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Plastic bag litigation update

This could be a big deal.

plastic-bag

Is a plastic bag a container? Does the definition of “solid waste management” include litter control?

If a state appeals court answers yes to both of those questions, regulations on plastic bags in several Texas cities — including Austin, Fort Stockton, and Port Aransas, which ban the bags, and Brownsville, which requires businesses to charge customers a $1 fee for the bags — could be in danger.

The Fourth Court of Appeals in San Antonio heard oral arguments Tuesday in Laredo Merchants Association v. City of Laredo, in which the merchants claim the city’s ban on single-use bags is illegal because existing state law regulating solid waste disposal preempts it.

The law in question is a small piece of Texas’ Health and Safety Code. Section 361.0961, passed into law by the 1993 Solid Waste Disposal Act, says that local governments can’t adopt regulation to “prohibit or restrict, for solid waste management purposes, the sale or use of a container or package in a manner not authorized by state law.” Arguments on Tuesday focused on the definitions of several phrases in the law, especially “container or package” and “solid waste management,” and what, precisely, the Legislature had intended.

The merchants’ case is the first challenge to a Texas municipality’s bag ordinance to make it to court. The Texas Retailers Association filed a suit against Austin’s bag ban in 2013 but later withdrew its petition, and Dallas repealed its bag fee after plastic bag manufacturers sued last year.

The Laredo merchants sued the city in March 2015, and appealed to the Fourth Court after the 341st Judicial District Court in Webb County sided with the city last June. A victory for the merchants could mean the overturning of local bag regulations across the state, while a win for Laredo could encourage other cities to pass regulations of their own.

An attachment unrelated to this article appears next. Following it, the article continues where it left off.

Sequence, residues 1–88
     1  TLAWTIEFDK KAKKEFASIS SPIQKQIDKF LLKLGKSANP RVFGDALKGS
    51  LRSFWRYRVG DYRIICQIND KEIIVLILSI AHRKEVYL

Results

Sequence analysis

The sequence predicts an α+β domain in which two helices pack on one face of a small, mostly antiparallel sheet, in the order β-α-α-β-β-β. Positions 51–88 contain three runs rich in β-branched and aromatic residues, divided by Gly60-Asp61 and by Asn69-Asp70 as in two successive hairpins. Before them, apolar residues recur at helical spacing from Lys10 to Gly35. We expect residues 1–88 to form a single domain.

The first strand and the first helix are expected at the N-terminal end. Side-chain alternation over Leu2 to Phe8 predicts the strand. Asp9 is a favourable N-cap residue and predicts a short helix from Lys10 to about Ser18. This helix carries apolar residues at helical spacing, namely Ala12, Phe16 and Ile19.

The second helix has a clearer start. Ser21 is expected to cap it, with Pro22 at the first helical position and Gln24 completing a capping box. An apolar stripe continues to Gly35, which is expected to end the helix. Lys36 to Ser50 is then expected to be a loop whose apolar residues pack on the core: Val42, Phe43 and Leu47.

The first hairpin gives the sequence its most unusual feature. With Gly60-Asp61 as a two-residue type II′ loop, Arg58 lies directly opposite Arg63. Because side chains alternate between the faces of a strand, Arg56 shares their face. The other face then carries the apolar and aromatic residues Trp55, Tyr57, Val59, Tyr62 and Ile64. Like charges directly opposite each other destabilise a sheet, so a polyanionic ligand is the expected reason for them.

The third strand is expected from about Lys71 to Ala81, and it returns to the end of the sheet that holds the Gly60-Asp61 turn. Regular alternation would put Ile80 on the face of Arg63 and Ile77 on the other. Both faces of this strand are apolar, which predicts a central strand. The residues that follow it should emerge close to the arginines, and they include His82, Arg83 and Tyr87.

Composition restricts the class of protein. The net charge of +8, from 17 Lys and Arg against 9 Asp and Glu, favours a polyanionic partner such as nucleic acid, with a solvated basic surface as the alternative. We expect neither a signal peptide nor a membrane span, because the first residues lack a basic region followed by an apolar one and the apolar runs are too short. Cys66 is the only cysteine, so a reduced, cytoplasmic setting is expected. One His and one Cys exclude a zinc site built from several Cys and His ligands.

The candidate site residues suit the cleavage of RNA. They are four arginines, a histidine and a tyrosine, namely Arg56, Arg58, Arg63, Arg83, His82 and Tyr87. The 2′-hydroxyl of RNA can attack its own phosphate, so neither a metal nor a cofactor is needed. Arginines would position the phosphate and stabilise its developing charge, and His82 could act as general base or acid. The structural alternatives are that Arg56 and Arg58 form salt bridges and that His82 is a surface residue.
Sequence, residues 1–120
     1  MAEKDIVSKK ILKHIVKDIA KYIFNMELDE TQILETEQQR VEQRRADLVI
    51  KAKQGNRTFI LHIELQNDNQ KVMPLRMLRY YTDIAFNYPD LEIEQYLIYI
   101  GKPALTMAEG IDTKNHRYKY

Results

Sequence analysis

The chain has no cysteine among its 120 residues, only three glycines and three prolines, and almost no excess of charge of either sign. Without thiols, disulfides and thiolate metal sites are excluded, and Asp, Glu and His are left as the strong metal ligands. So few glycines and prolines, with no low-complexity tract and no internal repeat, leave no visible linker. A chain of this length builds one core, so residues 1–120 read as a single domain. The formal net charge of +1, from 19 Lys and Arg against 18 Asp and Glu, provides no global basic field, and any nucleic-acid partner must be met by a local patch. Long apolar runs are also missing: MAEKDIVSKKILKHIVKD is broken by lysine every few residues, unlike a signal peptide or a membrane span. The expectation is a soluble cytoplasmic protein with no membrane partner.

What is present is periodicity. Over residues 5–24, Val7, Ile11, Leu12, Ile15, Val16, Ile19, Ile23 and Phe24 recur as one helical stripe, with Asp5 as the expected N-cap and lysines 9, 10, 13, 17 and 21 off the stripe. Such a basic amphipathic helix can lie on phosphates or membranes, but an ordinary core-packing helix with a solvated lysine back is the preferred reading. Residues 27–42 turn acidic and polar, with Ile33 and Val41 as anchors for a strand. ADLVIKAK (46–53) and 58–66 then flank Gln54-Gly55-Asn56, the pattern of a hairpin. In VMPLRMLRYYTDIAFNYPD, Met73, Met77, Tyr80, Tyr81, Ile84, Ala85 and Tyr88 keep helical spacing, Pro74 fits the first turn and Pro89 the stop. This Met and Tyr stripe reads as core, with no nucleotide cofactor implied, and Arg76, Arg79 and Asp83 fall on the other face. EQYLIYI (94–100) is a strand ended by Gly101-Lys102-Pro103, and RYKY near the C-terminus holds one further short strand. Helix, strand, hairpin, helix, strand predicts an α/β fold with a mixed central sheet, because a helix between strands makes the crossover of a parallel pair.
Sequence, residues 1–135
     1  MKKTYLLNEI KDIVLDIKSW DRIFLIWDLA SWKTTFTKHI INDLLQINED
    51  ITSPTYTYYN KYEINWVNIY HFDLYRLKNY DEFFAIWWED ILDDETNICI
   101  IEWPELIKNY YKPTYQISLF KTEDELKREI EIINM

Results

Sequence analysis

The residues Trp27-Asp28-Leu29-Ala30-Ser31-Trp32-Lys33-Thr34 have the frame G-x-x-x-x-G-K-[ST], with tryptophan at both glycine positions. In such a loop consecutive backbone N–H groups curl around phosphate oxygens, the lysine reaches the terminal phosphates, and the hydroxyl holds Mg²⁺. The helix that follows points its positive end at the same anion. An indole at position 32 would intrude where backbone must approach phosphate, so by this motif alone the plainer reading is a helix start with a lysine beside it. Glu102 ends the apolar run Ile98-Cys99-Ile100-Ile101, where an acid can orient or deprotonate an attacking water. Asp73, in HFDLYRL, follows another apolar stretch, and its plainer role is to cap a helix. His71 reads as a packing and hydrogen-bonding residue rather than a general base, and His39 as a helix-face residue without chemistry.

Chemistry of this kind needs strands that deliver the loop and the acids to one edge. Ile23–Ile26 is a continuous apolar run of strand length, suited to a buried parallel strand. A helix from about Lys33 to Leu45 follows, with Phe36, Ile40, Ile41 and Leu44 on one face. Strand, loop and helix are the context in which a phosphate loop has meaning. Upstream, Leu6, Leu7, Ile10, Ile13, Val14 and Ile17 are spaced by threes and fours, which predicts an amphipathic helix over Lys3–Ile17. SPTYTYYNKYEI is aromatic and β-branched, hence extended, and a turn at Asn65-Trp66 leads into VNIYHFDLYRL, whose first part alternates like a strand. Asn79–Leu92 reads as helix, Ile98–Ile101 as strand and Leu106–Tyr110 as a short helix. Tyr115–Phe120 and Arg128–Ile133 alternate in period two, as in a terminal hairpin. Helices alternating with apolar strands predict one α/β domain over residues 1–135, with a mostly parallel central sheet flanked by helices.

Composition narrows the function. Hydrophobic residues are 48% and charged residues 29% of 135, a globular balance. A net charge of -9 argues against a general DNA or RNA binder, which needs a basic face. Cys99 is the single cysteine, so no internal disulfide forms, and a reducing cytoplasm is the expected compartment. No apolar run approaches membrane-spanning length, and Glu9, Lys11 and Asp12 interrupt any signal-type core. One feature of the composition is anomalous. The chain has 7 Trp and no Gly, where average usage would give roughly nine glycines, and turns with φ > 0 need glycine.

[…]

On its face, the case is a fight over flimsy pieces of plastic. But the series of amicus briefs filed on each side establish that a much weightier issue is at stake: How much power do local governments have to establish regulations that affect commerce? Three Texas state senators and 17 state representatives, all Republicans, filed an amicus brief last week in support of the merchants, arguing, like the Texas Public Policy Foundation, that state law preempts the bag ban. The Texas Municipal League filed a brief in support of the city. Executive director Bennett Sandlin told the Tribune that the bag issue is one where local control is particularly important because different cities have different environmental concerns; Fort Stockton, for example, cited cattle deaths from ingesting plastic as a reason for the bag ban.

The implications of the local control dispute go beyond plastic bags and extend to ridesharing, energy, rent control, and other areas where municipalities have sought to pass stringent regulations. Last May, Gov. Greg Abbott signed into law House Bill 40, which limited local regulation of drilling activities after Denton voted to ban hydraulic fracking in the city. Recently, legislators have vowed to address local rules on ridesharing companies like Uber and Lyft.

“We’ve got a Legislature that used to believe in local control and now, some of them, all they believe is control of the locals,” Sandlin said. “We’re facing it not just in plastic bags but any number of issues.”

You can say that again. I’ve blogged a bunch about plastic bags, but this lawsuit had escaped my notice till now. I fully expect the issue to be on the agenda for the Lege in 2017 no matter what happens here. It’s not that Texas Republicans love regulating individual behavior, it’s that they do not recognize as legitimate any form of governance that does things they don’t approve of. They sue the feds, and now the cities are squarely in their sights. Look at the words of two-bit authoritarians like Sen. Don Huffines, who was quoted again in this story, and ask yourself whatever happened to the Republican brand of “small government”. Whatever else these guys are now, that ain’t it.

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